I decided to change gears and take a look at a book that had been on my to-read list for quite some time. The Seven Military Classics of Ancient China are some of the most widely studied writings in regards to conventional and unconventional warfare. Putting their age aside, the texts provide the reader with an inside look into the strategies behind armed conflict in Ancient China. And what is contained within the pages of this collection of brilliant military strategy, are dozens of lessons that military commanders can still use even today.
As the book opens, the authors provide us with a brief description which explains how the texts can be interpreted:
Canonized in 1080 ce under the reign of Emperor Shenzong of the Song (r. 1067–1085 ce), this collection of texts is as much a representation of scholarly activity in forming a military tradition as it is a matter of practical concern.
I think the statement is correct but also that there is far more to the texts which will be learned by readers. But what exactly are the Seven Military Classics? They are composed of the following works:
- Taigong’s Six Secret Teachings, in which King Wen of Zhou has a discussion with Taigong after meeting the strategist who according to Scribe Bian, was sent from heaven to help Zhou run his country.
- Methods of Sima which begins by focusing on benevolence and righteousness, two critical components of a peaceful kingdom.
- Sun Tzu’s Art of War which is by far the most recognized and referenced manual of all seven classics. This book is by far what many readers will be anxious to get to if they have not already studied Szu’s words.
- Wuzi in which Wu Qi meets with Marquess Wen of Wei to discuss military strategy.
- Wei Liazo in which King Hui of Liang meets with Wei Liaozi to understand discipline, virtue, battle formation and the securing of a city.
- Three Strategies of Huan Shigong which focus on the upper, middle and lower strategies of warfare.
- Questions and Replies between Emperor Taizong of Tang and General Li Jing.
The seven classics do differ slightly in the approach that each take to the issues at hand but the common theme is warfare. Public administration is also given high focus and more than one book discusses the importance of ruling with benevolence and the support of the people. But make no mistakes, these books are military strategy galore, covering fortifications, weapons, troop numbers, battlefield positions and the organization of a disciplined and effective army. Of course, the weapons and chariots referred to in the texts are beyond outdated however what is discussed about the power of a general and the movement of troops is still relevant. And in his eternal widsom, Wu Qi had this to say about war:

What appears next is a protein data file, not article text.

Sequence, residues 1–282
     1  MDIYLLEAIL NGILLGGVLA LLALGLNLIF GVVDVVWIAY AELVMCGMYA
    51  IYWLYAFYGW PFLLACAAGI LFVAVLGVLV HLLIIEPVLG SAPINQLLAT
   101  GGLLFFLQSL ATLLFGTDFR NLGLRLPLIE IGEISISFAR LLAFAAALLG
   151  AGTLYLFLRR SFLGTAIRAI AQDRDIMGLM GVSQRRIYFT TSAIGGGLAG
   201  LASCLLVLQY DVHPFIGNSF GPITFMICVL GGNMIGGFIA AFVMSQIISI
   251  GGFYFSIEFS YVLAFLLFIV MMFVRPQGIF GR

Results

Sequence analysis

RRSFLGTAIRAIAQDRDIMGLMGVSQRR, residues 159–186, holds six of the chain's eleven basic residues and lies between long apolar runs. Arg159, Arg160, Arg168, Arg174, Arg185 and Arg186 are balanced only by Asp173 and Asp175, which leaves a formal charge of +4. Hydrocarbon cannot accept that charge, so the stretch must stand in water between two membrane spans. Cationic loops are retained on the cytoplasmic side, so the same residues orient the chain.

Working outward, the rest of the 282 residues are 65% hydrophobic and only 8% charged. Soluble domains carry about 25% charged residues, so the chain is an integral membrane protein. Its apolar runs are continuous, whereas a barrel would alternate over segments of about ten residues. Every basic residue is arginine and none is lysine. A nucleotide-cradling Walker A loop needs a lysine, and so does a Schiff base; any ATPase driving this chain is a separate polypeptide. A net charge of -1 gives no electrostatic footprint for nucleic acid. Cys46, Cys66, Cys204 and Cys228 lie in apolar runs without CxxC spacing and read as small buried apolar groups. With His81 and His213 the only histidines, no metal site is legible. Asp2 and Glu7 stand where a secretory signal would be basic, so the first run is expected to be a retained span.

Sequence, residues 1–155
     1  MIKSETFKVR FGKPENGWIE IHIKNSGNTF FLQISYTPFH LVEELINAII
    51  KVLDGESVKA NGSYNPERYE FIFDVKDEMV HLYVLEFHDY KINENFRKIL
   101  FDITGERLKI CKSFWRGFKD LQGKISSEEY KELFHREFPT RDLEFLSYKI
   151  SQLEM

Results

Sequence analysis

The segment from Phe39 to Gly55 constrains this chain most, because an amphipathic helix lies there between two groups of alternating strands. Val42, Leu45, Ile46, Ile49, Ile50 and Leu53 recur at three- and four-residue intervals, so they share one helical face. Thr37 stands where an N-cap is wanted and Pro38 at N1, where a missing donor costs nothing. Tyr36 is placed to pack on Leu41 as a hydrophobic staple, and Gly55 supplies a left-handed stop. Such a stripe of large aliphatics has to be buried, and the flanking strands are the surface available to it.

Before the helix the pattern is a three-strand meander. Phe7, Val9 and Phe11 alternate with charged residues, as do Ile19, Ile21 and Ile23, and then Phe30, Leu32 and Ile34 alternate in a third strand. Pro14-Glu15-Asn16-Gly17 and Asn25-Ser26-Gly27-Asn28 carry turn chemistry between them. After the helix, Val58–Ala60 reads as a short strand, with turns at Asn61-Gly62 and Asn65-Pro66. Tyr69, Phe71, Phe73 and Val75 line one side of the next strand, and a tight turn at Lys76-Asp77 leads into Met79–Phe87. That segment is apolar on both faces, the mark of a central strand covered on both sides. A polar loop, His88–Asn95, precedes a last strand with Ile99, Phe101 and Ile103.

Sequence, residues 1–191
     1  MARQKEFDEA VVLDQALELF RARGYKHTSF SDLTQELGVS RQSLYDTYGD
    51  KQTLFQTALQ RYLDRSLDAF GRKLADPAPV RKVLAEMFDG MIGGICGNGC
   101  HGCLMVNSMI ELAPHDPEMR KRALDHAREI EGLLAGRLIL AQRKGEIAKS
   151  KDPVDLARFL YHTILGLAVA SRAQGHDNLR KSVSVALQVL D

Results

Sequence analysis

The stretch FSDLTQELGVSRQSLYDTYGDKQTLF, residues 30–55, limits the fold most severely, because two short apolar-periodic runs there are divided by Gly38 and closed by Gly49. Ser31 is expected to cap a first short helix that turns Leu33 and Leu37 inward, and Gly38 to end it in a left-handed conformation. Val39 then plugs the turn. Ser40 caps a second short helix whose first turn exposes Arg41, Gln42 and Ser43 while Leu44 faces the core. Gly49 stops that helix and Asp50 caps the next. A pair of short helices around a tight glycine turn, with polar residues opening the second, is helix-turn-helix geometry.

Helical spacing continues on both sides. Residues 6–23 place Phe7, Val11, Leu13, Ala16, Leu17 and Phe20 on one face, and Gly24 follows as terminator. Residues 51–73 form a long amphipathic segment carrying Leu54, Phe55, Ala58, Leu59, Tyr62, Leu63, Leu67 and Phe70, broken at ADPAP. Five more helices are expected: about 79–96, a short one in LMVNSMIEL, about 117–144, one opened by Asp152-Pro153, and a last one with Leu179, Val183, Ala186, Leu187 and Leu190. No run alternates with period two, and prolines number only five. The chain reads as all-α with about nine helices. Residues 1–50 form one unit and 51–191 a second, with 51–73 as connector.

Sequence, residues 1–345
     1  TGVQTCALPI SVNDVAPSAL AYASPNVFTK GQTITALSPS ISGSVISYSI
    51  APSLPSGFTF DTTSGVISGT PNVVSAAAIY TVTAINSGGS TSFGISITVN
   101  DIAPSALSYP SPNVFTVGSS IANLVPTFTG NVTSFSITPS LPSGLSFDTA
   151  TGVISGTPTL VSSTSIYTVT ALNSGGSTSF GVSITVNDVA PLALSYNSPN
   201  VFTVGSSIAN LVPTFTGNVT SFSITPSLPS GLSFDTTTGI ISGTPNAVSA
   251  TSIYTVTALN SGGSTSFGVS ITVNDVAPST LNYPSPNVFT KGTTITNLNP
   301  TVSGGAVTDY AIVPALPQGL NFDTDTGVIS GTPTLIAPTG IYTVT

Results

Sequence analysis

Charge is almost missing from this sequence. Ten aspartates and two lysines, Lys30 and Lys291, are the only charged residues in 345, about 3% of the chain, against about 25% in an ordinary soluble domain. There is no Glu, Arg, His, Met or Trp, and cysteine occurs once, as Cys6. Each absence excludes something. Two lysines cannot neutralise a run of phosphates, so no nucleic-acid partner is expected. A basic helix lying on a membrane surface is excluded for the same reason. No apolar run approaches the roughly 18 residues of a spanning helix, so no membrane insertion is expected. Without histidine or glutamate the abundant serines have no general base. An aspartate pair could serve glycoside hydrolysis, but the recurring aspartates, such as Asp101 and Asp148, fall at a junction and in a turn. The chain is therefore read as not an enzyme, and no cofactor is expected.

“There are five causes of war: the pursuit of fame, wealth, revenge, rebellion, and famine. There are also five types of army: strong, violent, determined, righteous, and treacherous.”
With the exception of the Art of War, the texts explore these topics in clear and accurate detail. Similar to a fly on the wall, we are privy to the discussions between rulers and sages as they discuss the ruling of a nation and the concept of war which is an unavoidable event in the future to come. When it comes to combat itself, without question, the Art of War is the cream of the crop. It is the manual for engaging the enemy and waging a successful military campaign. And out of the seven classics, it holds the biggest place in maintstream culture and is by far the most quoted. And while it is a gem in its own right, the other classics offer just as much valuable and insightful information for leaders of nations and military commanders.
It is hard not to understate the genius behind these seven classics. And although thousnds of years have passed since they were written, the material is still captivating. And if I were the leader of a nation, I would certainly refer to this book on occasion. There are many lessons to be learned if readers are willing to invest their time and attention. Today, conventional warfare is not seen on the scale that it was in centuries prior. But there is no telling as to when the next conflagration will erupt. But if it does, I am sure that the lessons contained in the seven classics will be on the minds of the military figures tasked with achieving victory.
“All warfare is based on deception”. – Sun Tzu (544 – 496 B.C.)